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Study abroad supports UK’s soft power campaign, says former Universities Minister

The UK’s former minister of universities and science, David Willetts, has said outbound student mobility is essential to the country’s soft power agenda.

Reflecting on his time as minister from 2010 to 2014, Willetts said one of his regrets was not extending the student fee loan scheme to cover overseas study. Photo: The PIE News

"It is so important actually to get abroad and see the world through someone else’s perspective"

Speaking at the International Unit’s Go International event this week, Willetts said two-way mobility programmes facilitate negotiations with overseas partners.

“When I was trying to persuade them [foreign ministers] to send more students to Britain, I could only have serious conversations if I said that I would like to see more British students coming to study in your country,” he said. “The outward and the inward mobility are two sides of the same coin.”

Reflecting on his time as minister from 2010 to 2014, Willetts said one of his regrets was not extending the student fee loan scheme to cover overseas study.

“The outward and the inward mobility are two sides of the same coin”

“Going back to those negotiations I would have with overseas ministers, the other power I wanted to have in my back pocket would be to say, ‘you say you’re going to make our British universities eligible to participate in your scholarship scheme, I in return will say…that some of your universities will be eligible for British students to use fee loans,” he said.

The current loan system for student exchange covers study in the European Union but students studying beyond the EU must do so at partner universities and have limited funds to cover living costs.

Willetts said the current regime is too restrictive. “I would love to see over time if my successors have grace in negotiating flexibility to permit the use of fee loans for students to travel to other countries.”

During his term, Willetts’ public addressees often focused on international students studying in the UK. However, this time he expounded the benefits of UK students studying overseas and said the country has become complacent in encouraging more students to go.

“We do tend to think, especially in London, who needs to study abroad when you have so many different languages spoken, enjoy so much access to so many different cultures. But the truth is that’s not the real thing and it is so important actually to get abroad and see the world through someone else’s perspective,” he argued.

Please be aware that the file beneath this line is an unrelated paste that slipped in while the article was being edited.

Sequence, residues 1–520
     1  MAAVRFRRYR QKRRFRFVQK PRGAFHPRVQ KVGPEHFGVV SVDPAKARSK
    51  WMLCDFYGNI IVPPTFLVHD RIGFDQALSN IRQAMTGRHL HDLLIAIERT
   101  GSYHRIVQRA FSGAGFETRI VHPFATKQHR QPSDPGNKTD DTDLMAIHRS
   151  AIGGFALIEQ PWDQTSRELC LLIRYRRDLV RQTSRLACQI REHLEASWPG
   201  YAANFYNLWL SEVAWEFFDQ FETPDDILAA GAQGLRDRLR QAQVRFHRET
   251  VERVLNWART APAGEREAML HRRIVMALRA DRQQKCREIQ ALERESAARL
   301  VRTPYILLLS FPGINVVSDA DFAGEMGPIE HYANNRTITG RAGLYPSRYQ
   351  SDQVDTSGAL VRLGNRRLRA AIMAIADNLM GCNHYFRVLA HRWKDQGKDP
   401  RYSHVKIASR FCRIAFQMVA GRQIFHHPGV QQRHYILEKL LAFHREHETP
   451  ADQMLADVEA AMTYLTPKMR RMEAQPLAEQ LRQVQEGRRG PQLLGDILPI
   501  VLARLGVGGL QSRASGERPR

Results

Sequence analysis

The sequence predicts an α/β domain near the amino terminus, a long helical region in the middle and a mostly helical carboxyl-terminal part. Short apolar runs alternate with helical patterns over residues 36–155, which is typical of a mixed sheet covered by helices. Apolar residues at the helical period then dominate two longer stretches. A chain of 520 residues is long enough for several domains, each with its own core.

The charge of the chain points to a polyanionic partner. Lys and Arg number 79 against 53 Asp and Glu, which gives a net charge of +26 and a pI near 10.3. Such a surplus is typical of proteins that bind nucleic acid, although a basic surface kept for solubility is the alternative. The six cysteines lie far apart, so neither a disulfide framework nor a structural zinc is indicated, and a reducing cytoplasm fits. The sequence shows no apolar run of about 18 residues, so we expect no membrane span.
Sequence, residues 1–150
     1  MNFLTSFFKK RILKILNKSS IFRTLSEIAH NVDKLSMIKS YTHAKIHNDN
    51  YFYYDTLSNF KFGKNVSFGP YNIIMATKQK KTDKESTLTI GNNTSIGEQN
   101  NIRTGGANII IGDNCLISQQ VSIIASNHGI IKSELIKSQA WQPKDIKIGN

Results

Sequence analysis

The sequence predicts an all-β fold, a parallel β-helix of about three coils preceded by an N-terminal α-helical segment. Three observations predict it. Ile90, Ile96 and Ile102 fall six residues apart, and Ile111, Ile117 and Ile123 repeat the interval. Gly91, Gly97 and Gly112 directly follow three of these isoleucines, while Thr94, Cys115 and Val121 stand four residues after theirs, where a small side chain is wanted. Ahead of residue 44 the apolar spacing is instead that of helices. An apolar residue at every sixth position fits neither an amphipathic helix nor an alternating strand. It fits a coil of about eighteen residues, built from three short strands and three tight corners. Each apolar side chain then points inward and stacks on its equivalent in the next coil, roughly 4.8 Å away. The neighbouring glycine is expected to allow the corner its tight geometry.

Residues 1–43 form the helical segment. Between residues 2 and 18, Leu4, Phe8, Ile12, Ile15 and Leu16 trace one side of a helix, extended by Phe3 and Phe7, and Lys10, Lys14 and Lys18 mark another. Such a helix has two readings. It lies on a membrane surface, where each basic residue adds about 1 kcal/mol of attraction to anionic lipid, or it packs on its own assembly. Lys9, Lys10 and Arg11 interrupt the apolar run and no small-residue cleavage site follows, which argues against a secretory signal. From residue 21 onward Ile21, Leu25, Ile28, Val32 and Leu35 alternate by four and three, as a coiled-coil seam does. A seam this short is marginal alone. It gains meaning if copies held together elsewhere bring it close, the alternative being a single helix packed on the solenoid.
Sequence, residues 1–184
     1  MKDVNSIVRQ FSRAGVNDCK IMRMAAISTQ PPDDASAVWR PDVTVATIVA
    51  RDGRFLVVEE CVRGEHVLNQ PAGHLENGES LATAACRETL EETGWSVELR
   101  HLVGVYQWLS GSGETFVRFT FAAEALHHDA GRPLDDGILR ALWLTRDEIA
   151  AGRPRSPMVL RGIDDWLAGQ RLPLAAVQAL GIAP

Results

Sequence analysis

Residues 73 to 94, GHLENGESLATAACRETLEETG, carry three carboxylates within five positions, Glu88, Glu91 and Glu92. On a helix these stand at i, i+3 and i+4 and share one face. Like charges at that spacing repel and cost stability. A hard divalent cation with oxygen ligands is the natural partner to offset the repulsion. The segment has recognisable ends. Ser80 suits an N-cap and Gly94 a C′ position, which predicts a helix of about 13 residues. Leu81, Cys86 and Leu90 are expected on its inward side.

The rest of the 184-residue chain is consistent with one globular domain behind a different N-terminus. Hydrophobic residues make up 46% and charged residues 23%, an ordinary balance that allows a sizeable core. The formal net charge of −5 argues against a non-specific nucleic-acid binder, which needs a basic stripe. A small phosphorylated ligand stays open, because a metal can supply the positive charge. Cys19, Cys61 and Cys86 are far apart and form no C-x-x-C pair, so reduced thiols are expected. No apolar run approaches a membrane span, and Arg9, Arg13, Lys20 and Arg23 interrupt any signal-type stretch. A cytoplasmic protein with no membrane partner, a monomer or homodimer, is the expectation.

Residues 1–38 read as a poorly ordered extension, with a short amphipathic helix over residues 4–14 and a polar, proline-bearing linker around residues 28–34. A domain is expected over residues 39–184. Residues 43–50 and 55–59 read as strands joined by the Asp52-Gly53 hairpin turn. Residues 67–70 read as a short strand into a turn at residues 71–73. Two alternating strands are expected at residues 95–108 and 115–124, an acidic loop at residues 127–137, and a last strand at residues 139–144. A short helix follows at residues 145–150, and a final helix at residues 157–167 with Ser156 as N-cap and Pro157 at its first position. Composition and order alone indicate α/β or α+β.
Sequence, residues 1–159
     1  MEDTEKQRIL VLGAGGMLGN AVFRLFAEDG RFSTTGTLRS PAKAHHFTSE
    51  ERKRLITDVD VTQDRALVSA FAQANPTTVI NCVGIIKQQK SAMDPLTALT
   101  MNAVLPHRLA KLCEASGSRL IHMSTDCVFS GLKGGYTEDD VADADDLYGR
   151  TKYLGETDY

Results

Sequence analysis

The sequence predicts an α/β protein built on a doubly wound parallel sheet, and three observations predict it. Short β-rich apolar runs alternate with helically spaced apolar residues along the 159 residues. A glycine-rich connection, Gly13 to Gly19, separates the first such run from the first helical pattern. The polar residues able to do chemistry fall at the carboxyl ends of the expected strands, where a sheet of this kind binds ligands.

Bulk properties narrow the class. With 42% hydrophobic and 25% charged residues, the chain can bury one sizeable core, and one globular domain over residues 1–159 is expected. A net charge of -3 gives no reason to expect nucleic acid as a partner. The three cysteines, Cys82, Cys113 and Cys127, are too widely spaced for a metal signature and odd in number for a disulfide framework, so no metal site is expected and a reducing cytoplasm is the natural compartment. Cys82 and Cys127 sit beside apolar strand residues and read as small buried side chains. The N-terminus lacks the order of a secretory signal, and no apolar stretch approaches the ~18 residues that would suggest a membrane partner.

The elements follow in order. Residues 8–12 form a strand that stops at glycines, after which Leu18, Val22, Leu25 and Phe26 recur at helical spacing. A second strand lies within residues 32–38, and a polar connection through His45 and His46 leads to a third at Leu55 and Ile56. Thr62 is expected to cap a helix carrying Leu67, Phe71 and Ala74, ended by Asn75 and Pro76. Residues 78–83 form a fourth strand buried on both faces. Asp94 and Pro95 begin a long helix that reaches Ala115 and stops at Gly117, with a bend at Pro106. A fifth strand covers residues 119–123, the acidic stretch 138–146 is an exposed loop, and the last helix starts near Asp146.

Universities can play their part, Willetts, who was appointed a visiting professor at Kings College London in 2014, said, challenging them to ease the requirements around degree programming.

“Because so many of our degree programmes are structured and controlled by individual disciplines, if you were running the chemistry department and suddenly someone turns up and says ‘I’m a student in the chemistry department but I’d really like to spend a term or a year out in China’ we find that’s just making life more complicated,” he said. “I don’t think we are as flexible as we should be.”

“Certainly when we talk more to business about their failure to export, we find it’s because they haven’t got graduates who are familiar with other countries”

He added that universities can promote outward mobility more by making it a “collective choice” similar to an obligatory sandwich year when students work.

“I believe there’s a role for universities to try to organise, even if it’s just a term, that gets the students abroad and they all know they’re going and they’ll be back having had that experience.”

Looking at the economic benefits of outward mobility, Willetts said studying abroad can also help the UK’s export industries. “Certainly when we talk more to business about their failure to export, we find it’s because they haven’t got graduates who are familiar with other countries.”

As a supporter of the Universities UK campaign to remain in the EU, he added that outbound mobility can help the country increased trade ties outside of the union.

“We shouldn’t use the EU as an alibi. We’ve got to raise our own game, and nothing in the EU stops us from raising our own game. Some of these proposals to improve outward mobility would critically help us to raise our own game,” he said.

According to a report by IU, almost 40% of the 13,355 mobile students in 2014 were language students.

Excluding this cohort, only 8,300 students from the UK spend time abroad during their undergraduate degree, accounting for about 3% of the all higher education students.

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